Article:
At the Eurotunnel terminal I find it strange to hear so many English voices, automatically saying oui, s’il vous plait and merci. The attendant on the train speaks to us in French, switching to English when she overhears our conversation – I realise she’s presumed us French because of the car. The border guard asks: ‘why the red number plate’ and we answer honestly (it’s a lease car), only later realising I should have thought up something far more interesting. (I’m still working on that, snappy retorts being something I can only come up with after hours of thinking.)
Arriving in England via le tunnel sous La Manche and not Heathrow airport is strange. (This is the first time since we moved to New Zealand that we haven’t flown straight to the UK.) It soon becomes less so – we aren’t even on the motorway, driving down the slip road, when a van tears up the inside lane and cuts into a space that doesn’t exist in front of a car that brakes to avoid the collision. Having spent a month driving on the right, it’s clear we’re going to have to pay attention, especially as the steering wheel is technically on the wrong side for these roads.
‘It’s grey!’ says Neil as we drive away from the terminal. To be fair, it was grey when we left France, and drops of rain had landed on the windscreen before we cleared French customs. It soon starts to rain heavily. Neil swears. He swears some more as we drive through thirteen miles of roadworks with no evidence of any work whatsoever and not a single person in view let alone working. In nearly three thousand km around France the only time Essie (our friendly sat nav) had to adjust arrival time was when we stopped for a coffee – after less than thirty km in England I’m pretty sure that behind the dashboard she’s checking her watch is working correctly as the travel time extends. As penance she sends us on a joyride around Carshalton before Neil cops a strop and turns her off, following his nose and getting us to our destination within minutes.
Our Airbnb is very pleasant, overlooking the owners’ large garden. Fat wood pigeons waddle around looking for crumbs that smaller birds have dropped from the bird feeder, and a squirrel peers through the window looking for a handout of almonds (which he gets – I’m a sucker for a cute face). When he turns around I see he has no tail – how does he balance in trees?
These are expensive streets, large houses with sweeping driveways in big gardens but despite all the green there’s no sign of life. On a warm, sunny Sunday the street is deserted, the houses closed and gardens that in New Zealand would be full of the smell of barbeque and the sound of life are empty. Our windows are the only ones thrown open to the fresh air. Despite the peace I feel unsettled here, as though I don’t belong. And I don’t. It may be pretty, with rolling hills and gentle slopes, leafy suburbs and a quiet air of sophistication, but the south of England is too tame, too ordered, for me, like a lady at a garden party. My kind of countryside is the wilder northern landscape, letting its hair down and throwing itself around the dance floor, probably drunk.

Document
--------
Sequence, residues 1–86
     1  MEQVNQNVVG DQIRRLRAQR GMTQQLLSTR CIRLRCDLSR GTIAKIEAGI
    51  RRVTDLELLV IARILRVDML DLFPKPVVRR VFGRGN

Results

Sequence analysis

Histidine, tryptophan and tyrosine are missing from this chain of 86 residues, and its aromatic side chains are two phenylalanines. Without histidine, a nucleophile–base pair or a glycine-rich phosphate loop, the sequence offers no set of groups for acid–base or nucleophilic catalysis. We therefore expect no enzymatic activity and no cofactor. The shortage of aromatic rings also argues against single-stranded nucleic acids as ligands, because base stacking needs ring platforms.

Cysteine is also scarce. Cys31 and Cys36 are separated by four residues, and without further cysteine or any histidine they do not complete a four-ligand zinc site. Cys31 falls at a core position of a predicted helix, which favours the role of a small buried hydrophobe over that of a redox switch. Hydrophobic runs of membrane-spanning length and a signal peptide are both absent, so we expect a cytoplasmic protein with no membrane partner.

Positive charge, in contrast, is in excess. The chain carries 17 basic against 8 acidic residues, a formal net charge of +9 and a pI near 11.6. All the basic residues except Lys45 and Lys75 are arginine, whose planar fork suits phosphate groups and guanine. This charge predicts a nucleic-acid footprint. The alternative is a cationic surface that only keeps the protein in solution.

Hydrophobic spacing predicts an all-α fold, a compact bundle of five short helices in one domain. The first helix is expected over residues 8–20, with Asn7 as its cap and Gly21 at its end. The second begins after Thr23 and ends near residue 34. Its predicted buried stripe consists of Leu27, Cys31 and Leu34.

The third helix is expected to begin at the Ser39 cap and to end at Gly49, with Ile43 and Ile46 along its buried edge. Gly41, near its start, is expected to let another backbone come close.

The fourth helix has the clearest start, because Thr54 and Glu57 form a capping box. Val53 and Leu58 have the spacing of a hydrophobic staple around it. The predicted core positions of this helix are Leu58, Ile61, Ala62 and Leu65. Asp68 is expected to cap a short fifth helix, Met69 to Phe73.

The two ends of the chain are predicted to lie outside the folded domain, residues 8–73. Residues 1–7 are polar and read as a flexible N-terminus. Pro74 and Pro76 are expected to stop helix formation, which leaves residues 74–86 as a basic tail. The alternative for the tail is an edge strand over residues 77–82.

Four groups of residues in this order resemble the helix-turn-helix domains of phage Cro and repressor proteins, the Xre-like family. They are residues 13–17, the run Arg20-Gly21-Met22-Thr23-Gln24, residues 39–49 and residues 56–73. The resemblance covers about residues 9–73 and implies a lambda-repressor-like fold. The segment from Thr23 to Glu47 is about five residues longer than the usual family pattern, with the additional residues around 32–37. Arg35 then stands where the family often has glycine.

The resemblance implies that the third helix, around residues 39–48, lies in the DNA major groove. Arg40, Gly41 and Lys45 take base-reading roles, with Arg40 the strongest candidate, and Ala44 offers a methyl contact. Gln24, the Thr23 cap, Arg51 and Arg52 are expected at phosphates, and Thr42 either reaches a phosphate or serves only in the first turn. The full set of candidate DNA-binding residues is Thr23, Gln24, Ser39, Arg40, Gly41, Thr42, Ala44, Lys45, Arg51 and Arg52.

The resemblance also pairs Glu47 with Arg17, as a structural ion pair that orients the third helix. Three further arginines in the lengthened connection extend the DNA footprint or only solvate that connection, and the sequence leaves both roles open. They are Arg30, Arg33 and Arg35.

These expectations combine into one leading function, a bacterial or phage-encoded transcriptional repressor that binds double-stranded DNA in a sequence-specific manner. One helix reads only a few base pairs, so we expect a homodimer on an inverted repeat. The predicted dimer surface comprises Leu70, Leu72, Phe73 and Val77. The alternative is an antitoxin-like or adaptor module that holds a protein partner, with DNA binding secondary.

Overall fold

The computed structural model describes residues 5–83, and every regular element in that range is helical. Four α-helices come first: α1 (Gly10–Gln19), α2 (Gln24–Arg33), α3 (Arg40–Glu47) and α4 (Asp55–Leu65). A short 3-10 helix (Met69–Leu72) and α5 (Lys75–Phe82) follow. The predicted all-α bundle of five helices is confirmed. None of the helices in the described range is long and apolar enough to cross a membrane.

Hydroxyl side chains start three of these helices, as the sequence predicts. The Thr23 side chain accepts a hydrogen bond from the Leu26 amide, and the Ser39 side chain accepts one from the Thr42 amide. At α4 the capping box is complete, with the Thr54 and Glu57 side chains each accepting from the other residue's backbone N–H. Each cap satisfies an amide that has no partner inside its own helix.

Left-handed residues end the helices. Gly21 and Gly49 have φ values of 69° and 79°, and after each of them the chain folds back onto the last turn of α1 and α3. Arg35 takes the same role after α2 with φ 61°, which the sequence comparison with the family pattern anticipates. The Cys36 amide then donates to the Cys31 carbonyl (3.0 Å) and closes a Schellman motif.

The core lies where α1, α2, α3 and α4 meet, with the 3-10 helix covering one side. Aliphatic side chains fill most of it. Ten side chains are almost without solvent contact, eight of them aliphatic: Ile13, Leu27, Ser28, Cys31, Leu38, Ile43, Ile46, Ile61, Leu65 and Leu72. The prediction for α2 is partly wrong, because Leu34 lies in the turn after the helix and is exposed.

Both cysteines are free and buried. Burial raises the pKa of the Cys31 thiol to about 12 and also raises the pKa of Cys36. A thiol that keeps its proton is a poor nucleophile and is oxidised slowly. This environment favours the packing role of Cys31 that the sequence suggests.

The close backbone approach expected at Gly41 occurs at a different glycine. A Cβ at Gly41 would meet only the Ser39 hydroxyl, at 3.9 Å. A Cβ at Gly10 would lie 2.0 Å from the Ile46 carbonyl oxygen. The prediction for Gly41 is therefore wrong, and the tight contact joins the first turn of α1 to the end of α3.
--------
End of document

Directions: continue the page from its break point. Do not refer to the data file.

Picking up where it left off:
In some areas new roads are springing up where developers have persuaded residents to sell half their land and then built multiple houses behind, still leaving a lot of green space. There are even farms around here, although we’re both astounded at a lavender farm that charges people an entrance fee, bans photographs without payment and has zero tolerance for picnics unless the food is purchased at their shop. Even more astounding is that people are actually paying it! A public footpath runs right through the field, a sign allowing passage across this public right of way but warning against taking photographs even of family and forbidding stopping on the way through to your destination. We walk across, our destination being the other side. We then turn around and walk back, our destination being where we’d started. We aren’t the only rebels, noticing one woman feeding her toddler a piece of apple from a container she’d clearly brought with her.
Closer to London it feels more claustrophobic, so many people, so many cars, so many houses squashed together, many where the front garden is now hardstanding for cars that are squeezed right up to their walls. One row of shops looks like another and I am constantly disorientated – are we in Carshalton or Sutton? Crystal Palace or Streatham? Our nearest shops are Carshalton Beeches (not to be confused for the treeless one, although there are as many trees in Carshalton as there are in Carshalton Beeches – Surrey is nothing if not full of trees) and I’m impressed there is a butchers – when we lived in England they were as rare as hen’s teeth. I’m more astounded to see a haberdashery and wool shop, thinking they’d all gone the way of the dodo decades ago. We even spot a milk float gliding past! It gives me some hope that maybe people are in some way moving away from mass production and going back to local. Just like the French.
We finally manage to see some cycling, catching the train to Box Hill for the ride London classic and some of the world’s top cyclists. These guys are professionals and even uphill they flash past quickly. But they have five circuits and each time they come around they are more spaced out, some struggling to stay with the peloton.
Neil manages to grab a few shots, although I suspect Caleb Ewan wasn’t too pleased to be caught on camera as he struggled up the final climb. (He’ll be even less pleased at me putting it on my blog!) But he is a sprinter, not a climber, and has just cycled three thousand miles around France, taking three stage victories on the way so there’s little shame. I had a hard enough job walking up here – I would stand no chance on a bike.